How old is too old?
It was Wednesday night January 12, 1994 and we had just finished a scrumptious dinner at the University Club complete with a most wonderful ice cream desert, almond balls. Dr. Harriet Cabell went around the room introducing each of the staff members and teachers that worked closely with The External Degree program at The University of Alabama. When she got to Professor Colgan H. Bryan, she paused and emphasized to us that if we need a science, his “Engineering: The Foundation of the Modern World” course will be one of the most enjoyable learning experiences we will ever have.
I kind of passed over that seeing that he was a frail looking man of 84 years old and I was not sure that he would live long enough for me to finish the class. I didn’t need to miss any time from my studies.
So I waited until I could wait no longer and then in 1997, I decided to take his class. Now Professor Bryan was 87 years old and I was 51. Dr. Cabell didn’t stretch any truth about a wonderful learning experience, I was just sorry that I had not taken any of his classes earlier.
Why am I rambling on about something of seemingly little importance? Professor Bryan continued encouraging, teaching, and inspiring students in practical aspects of life and science until he was 95 years old. My life would not be complete if I had not met this humble man who joined the University of Alabama’s Aeronautical Aerospace & Engineering department in 1942 and headed up The University’s efforts to support engineering and training for The United States of America during WWII. He was chairman of the department from 1952 – 1968. Thank You Professor Bryan for continuing to teach until I finally decided to learn.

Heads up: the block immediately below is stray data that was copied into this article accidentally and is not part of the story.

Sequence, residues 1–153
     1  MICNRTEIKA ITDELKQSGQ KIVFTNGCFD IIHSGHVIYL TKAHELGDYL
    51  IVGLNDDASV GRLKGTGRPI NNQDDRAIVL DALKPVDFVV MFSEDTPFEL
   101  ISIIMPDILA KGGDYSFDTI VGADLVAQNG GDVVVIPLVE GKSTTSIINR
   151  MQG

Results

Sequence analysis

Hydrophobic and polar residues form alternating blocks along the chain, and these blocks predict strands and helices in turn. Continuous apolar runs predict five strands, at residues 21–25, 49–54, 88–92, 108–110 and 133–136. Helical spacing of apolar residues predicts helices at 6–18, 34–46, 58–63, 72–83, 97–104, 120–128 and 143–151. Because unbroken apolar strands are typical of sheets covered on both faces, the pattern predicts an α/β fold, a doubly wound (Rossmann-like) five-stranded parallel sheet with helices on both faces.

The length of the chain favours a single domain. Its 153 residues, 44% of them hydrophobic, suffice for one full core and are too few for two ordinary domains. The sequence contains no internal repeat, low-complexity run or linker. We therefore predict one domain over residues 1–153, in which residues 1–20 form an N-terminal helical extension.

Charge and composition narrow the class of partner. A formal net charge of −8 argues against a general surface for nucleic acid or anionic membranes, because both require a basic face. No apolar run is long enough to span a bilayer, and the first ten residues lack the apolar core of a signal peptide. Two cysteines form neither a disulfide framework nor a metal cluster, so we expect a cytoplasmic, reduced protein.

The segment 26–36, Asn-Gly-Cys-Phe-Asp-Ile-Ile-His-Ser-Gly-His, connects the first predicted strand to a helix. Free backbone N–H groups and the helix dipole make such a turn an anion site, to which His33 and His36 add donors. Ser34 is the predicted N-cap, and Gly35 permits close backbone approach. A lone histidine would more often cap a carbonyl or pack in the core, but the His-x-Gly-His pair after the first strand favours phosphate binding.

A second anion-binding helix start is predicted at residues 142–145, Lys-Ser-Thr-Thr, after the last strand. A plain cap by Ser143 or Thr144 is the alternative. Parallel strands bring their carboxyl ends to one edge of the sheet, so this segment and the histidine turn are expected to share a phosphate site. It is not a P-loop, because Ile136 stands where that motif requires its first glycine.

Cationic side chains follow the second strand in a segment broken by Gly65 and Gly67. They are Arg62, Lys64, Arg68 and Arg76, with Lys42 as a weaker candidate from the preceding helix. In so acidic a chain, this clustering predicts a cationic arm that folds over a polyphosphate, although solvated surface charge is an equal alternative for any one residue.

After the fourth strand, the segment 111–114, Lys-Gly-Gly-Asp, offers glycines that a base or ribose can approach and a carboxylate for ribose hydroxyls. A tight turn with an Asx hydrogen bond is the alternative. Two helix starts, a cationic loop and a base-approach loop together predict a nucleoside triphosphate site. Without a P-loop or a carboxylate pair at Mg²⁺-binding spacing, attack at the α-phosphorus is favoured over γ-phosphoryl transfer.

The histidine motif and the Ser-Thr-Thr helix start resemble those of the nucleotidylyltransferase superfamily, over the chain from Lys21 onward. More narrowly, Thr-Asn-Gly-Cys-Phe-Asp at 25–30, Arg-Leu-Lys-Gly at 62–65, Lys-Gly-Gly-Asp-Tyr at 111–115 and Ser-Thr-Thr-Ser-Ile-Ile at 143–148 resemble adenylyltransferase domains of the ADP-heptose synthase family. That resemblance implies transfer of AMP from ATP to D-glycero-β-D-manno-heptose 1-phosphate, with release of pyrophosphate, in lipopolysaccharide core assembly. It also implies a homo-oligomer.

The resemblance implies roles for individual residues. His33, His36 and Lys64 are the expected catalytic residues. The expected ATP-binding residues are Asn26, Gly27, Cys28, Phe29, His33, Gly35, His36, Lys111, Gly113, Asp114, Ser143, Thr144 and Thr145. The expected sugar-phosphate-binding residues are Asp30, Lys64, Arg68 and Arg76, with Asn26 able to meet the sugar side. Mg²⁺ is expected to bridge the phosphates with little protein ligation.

I love to listen to books on tape/CD and I always have several in my truck. I listen to inspirational messages a good bit but most often I listen to fiction.
Today I picked up “The Lawgiver” on CD from the Mobile public library. I don’t know how good it is but other books written by Herman Wouk that I have read were wonderful. I checked out “The Caine Mutiny” from the library at Vigor High School in 1963, thoroughly enjoyed it, and wrote a passable book report on it. The book was later made into a movie with Humphrey Bogart as Captain Queeg. I still remember the dastardly plot of the missing strawberries.
Wouk also wrote the books that were the basis for the two series on TV in the 1970’s, “Winds of War” & “War and Remembrance.”
Why would I say anything about this now? It is easy; Herman Wouk wrote this latest work at the young age of 97.
Who can forget George Beverly Shea from the Billy Graham evangelistic crusades? Shea passed away on April 16, 2013 at the age of 104.
Do you remember George Burns the cigar-puffing comedian who along with his scatterbrained wife, Gracie Allen, entertained us from the early days of TV until he was 100? He often said (loosely quoting), “My doctor tells me to quit smoking these cigars or they will kill me. I buried my sixth doctor last week.”
If you are not old, do you have some older people in your family? Take time with them they have a world of experience that they are likely to share. You will be amazed at what you learn.
Don’t ever just sit down permanently and do nothing. Continue to do something. Contribute where you can. You will leave a lasting legacy.
by Wayne Brady 3/26/2013